Later, people found that such an algorithm is indeed feasible, although it requires some coordination mechanisms in mapreduce. Is the sequence of data arriving at Cer CER correct. If it is possible to make the boundary value calculated (or used) in cer CER in some way before processing the joint count, reducer can simply split the joint count by the boundary value to calculate the relative frequency. Notifications of "before" and "after" can be captured in the order of key-value pairs, which can be clearly controlled by programmers. Programmers can define the sort order of keys to process the data that needs to be processed before the CER Cer. However, we still need to calculate the boundary count. Recall that in the basic pairs algorithm, each mapper sends a key-value pair with the same word as the key. To calculate the correlation frequency, we modified mapper so that it sends out a key-value pair with the form (WI, *) as the "special" key and the value of 1, this represents the contribution of words to the boundary value. By using combiners, these boundary counts are aggregated before being sent to the reducer. Use in-mapper
The combining mode can more effectively aggregate the boundary count.


In CER, we must ensure that some boundary values of special key-value pairs are executed before common key-value pairs represent the number of joint times. This is done by defining the sort order of keys, and then the pairs containing the special signs of the form (WI; *) are placed before any other key-value pairs whose wi is the left word. In addition, as before, we must define a partitioner to observe the left word in each pair. With proper data sorting, reducer can directly calculate the relative frequency.

Figure 3.12 is a real example listing the key-value pairs that CER will encounter. First, the reducer faces (dog, *) as a special key and multiple values. Each value represents the map stage (Here we assume that no matter whether combiners or in-mapper combining, these values represent the partial aggregation count.) The key-value pairs contributed by some boundaries are obtained. CER accumulates these counts to reach the limit of Σ w'n' (dog, W '). CER saves these values to calculate the sub-sequence key. Starting from (dog, *), CER will encounter a series of keys that represent the joint count; the first key is (dog, 1_dvark ). Related to this key is part of the joint count generated in the map stage (here there are two different values ). Counting these counts can result in the final joint count, that is, the number of times that dog and mongodvark appear in the entire set simultaneously. At this point, because CER already knows the limit value, the related frequency can be calculated through simple calculation. All sub-joint counts are processed in the same way. When reducer encounters a special key-Value Pair (Doge;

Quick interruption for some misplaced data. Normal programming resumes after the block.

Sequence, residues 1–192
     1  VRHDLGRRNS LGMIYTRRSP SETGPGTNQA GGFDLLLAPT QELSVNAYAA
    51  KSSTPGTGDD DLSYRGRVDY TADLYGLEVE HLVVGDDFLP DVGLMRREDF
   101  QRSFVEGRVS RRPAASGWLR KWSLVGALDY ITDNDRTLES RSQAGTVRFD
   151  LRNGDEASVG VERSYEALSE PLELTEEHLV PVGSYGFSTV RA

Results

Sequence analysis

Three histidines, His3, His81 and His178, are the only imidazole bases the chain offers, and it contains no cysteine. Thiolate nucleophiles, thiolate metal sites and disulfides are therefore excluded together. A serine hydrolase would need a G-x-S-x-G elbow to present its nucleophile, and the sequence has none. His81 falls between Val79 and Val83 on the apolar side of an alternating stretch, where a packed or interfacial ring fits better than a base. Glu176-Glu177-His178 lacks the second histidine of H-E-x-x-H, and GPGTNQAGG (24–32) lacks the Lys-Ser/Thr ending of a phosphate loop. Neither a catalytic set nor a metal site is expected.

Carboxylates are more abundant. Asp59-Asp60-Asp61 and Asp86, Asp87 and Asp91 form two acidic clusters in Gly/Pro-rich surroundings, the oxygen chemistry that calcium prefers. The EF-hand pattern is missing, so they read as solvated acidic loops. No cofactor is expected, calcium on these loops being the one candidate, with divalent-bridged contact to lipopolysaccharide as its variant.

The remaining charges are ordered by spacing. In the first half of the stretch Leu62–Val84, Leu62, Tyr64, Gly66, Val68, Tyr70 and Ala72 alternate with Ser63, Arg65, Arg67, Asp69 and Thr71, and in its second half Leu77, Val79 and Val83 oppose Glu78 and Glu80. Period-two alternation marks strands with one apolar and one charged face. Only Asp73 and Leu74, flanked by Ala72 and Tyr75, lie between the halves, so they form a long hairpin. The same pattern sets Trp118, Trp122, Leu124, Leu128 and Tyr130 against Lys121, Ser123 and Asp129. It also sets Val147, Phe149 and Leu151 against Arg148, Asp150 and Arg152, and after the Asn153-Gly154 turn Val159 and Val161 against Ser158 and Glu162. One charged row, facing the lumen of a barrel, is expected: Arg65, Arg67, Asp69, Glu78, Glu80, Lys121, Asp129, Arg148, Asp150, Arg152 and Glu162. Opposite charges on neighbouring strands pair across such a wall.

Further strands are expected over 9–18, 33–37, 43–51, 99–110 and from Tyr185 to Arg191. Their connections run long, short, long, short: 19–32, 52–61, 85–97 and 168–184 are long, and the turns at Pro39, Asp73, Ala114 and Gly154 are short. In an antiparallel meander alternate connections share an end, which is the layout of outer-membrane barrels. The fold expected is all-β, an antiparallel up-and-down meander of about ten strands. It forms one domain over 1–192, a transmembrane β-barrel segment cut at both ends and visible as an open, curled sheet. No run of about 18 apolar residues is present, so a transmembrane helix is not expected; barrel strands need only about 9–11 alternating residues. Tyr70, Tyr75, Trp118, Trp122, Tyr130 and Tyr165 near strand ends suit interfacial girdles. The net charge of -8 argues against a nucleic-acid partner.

*), The reducer resets its internal status and begins to recalculate the limit value for the next round, because only the limit value (an integer) needs to be stored. We do not need to cache the number of separate co-occurrence words. Therefore, we have eliminated the scalability bottleneck of the previous algorithm.


This design pattern is called "Reverse Order" and is often used across many fields. The reason for this naming is that, through proper coordination, we can access the computing results in cer CER before processing the data to be calculated (for example, a clustering statistics ). The main problem is to convert a computing queue into a sort order. In most cases, a specific algorithm usually requires a fixed data sorting method: By controlling key sorting and key space allocation, we can sort the data to be calculated in a specific environment and then send it to Cer. This greatly reduces the number of results that the reducer needs to save in the memory.


To sum up, special programs that use the reverse order mode to calculate the frequency need the following:


1. Send a special key-value pair for each co-occurrence word pair in Mapper to capture its contribution to the boundary value.


2. Control the sorting order of intermediate keys, so that special key-value pairs indicate that the boundary contribution value is executed before any key-Value Pair indicates the number of joint words with the same occurrence


3. Define a custom partitioner to ensure that all pair with the same left word are uploaded to the same CER Cer.


4. Multiple keys in cer CER are used to save the status. First, the boundary value based on the special key-value pair is calculated, and then the boundary value is used to split the joint count to get the relevant frequency.


As we will see in chapter 4, this design pattern can also be used to build reverse indexes by appropriately setting Compression Parameters for the link list.